Spain is home to the most famous Spanish Artists. From the early 16th to the late 17th centuries, the country thrived in art and literature. And becoming a main major contributor to the European art world.
In this era, Spain produced the best-known artists that have influenced modern art like El Greco, Diego Velazquez, Zurbaran, and Murillo. Besides, the modern era includes the most influential artists are Joan Miro, Pablo Picasso, and Salvador Dali.
Check out our list below about the top 10 most famous Spanish Artists and Arts.
1- Pablo Picasso (1881–1973):
Guernica Masterpiece (1937):
via – pinterest
Pablo Picasso is one of the greatest painters of the 20th century. He started drawing at the age of seven. Additionally, he created the art movement Cubism. That revolutionized European painting and constructed sculpture.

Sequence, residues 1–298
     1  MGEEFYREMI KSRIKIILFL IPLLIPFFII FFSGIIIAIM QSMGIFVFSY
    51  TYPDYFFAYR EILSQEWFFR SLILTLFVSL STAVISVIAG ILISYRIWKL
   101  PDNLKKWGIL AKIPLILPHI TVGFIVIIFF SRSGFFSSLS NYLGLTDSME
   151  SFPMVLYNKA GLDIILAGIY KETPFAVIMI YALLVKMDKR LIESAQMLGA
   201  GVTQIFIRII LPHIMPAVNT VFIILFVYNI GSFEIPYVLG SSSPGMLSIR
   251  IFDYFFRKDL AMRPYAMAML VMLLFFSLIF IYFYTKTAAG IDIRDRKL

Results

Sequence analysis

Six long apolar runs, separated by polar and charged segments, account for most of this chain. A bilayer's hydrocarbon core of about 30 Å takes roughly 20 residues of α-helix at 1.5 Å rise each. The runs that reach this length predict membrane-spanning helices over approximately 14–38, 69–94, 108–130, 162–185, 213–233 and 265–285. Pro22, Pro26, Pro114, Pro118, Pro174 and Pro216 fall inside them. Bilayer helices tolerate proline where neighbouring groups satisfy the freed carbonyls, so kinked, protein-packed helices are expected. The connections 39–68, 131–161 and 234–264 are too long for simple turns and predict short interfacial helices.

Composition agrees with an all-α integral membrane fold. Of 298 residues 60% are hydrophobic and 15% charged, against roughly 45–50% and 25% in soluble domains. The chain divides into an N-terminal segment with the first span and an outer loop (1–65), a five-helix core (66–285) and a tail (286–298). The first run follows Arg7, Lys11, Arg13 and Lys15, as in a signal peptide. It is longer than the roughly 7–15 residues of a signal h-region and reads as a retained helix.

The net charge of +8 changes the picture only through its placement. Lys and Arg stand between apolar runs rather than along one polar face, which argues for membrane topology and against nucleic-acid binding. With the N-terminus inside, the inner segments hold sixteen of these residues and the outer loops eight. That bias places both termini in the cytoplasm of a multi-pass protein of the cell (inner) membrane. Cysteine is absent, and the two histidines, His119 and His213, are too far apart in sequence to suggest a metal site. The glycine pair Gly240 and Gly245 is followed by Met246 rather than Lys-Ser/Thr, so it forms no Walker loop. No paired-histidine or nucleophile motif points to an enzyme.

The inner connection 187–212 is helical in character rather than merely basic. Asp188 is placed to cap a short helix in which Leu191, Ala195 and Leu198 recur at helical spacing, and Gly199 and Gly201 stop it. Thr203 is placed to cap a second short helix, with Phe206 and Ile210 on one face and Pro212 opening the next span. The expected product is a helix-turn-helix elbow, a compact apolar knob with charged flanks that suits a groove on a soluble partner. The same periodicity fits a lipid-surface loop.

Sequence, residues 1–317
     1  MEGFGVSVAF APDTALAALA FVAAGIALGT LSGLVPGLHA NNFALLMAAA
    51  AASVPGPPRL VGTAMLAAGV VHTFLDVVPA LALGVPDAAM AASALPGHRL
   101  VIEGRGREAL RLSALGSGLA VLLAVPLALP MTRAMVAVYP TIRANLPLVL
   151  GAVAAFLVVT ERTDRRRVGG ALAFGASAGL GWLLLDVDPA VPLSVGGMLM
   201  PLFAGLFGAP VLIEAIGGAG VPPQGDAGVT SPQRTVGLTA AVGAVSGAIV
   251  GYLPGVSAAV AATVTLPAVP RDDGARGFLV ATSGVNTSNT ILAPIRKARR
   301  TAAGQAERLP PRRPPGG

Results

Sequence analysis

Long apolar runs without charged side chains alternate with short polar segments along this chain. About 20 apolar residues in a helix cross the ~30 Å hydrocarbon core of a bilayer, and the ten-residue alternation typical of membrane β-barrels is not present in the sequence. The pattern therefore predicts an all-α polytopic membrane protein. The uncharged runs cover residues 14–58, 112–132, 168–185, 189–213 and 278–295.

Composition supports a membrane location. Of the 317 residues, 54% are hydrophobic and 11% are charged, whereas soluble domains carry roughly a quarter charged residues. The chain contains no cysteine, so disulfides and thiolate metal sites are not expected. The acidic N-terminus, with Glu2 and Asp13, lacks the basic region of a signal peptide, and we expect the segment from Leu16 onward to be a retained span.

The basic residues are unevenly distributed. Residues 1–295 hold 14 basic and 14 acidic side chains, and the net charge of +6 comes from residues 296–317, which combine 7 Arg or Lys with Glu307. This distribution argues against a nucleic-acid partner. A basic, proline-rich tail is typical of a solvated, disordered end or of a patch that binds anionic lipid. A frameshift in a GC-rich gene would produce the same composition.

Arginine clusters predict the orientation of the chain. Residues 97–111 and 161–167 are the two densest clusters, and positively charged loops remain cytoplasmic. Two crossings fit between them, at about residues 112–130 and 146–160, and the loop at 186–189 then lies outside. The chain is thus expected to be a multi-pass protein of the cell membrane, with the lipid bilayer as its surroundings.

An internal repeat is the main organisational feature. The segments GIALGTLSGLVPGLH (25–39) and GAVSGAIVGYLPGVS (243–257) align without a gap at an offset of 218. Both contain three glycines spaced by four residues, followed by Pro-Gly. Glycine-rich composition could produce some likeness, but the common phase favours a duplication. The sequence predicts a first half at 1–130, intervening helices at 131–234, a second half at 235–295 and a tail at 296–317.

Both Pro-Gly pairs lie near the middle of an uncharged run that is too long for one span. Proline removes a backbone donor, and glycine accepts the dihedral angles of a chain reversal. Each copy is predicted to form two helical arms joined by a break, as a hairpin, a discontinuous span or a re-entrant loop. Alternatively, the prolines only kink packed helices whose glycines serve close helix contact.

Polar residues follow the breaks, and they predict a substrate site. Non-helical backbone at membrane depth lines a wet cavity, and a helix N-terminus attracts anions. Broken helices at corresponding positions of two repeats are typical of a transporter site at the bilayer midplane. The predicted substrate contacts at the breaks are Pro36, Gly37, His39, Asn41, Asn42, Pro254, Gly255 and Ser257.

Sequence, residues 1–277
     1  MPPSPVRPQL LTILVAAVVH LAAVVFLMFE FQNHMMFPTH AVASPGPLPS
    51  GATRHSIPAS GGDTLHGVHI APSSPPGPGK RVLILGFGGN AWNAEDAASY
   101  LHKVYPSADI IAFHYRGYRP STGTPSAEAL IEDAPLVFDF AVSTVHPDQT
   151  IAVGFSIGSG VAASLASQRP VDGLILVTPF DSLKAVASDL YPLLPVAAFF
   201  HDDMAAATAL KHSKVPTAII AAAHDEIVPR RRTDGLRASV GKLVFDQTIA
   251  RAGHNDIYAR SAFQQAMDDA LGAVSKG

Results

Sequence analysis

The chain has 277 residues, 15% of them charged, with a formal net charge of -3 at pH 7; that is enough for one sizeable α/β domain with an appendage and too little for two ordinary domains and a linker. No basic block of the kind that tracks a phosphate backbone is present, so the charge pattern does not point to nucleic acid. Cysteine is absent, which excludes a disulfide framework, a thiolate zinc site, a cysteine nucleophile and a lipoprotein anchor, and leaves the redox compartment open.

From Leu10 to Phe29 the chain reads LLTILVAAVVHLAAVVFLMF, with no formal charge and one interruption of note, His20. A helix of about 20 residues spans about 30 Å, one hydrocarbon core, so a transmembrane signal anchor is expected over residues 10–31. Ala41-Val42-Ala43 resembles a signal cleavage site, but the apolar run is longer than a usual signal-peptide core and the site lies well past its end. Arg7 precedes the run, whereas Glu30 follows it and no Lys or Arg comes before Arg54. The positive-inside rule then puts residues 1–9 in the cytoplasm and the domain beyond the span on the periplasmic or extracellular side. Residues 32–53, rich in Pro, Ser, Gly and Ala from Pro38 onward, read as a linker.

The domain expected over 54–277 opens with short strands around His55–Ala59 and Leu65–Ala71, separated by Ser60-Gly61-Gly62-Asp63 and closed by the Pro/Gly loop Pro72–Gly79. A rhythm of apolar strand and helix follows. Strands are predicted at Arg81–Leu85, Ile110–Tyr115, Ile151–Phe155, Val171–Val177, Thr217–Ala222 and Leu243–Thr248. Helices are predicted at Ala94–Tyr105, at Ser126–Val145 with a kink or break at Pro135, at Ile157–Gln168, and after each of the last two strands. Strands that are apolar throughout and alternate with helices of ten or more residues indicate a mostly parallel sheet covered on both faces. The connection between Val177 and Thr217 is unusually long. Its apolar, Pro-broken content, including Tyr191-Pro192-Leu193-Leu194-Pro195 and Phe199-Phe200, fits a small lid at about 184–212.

During his career, Picasso changed his style and experimented with many theories, techniques, and ideas. As well, he drew around 1900 paintings; some of them are the most expensive ever sold.
Picasso’s painting career had several periods. The first called The Blue Period, characterized by a flurry of paintings. Second is The Rose Period of different shades of rose and brighter colors. The last period was fighting for peace and painting humanitarian images.
2- Salvador Dalí (1904 –1989):
The Persistence of Memory Masterpiece(1931):
via – pinterest
Salvador Dali is one of the celebrated Spanish Surrealist artists. Besides, He studied arts in Madrid, where he introduced to Cubism and Dadaism. Thus in 1923, he dismissed from his class because of his cynic attitude towards teachers. After that, he moved to Paris and joined Picasso.
Salvador Dali is well known for using bizarre images. Also symbolism to create landscapes of his inner world. If you want to discover some of his paintings, you can visit The Salvador Dali Museum in Figueres and His home in Portlligat to see his art.
3- Francisco Goya (1746 –1828):
The Third of May Masterpiece (1808):
via – artsy
Francisco Goya is the most notable Spanish artist of the late 18th and early 19th centuries.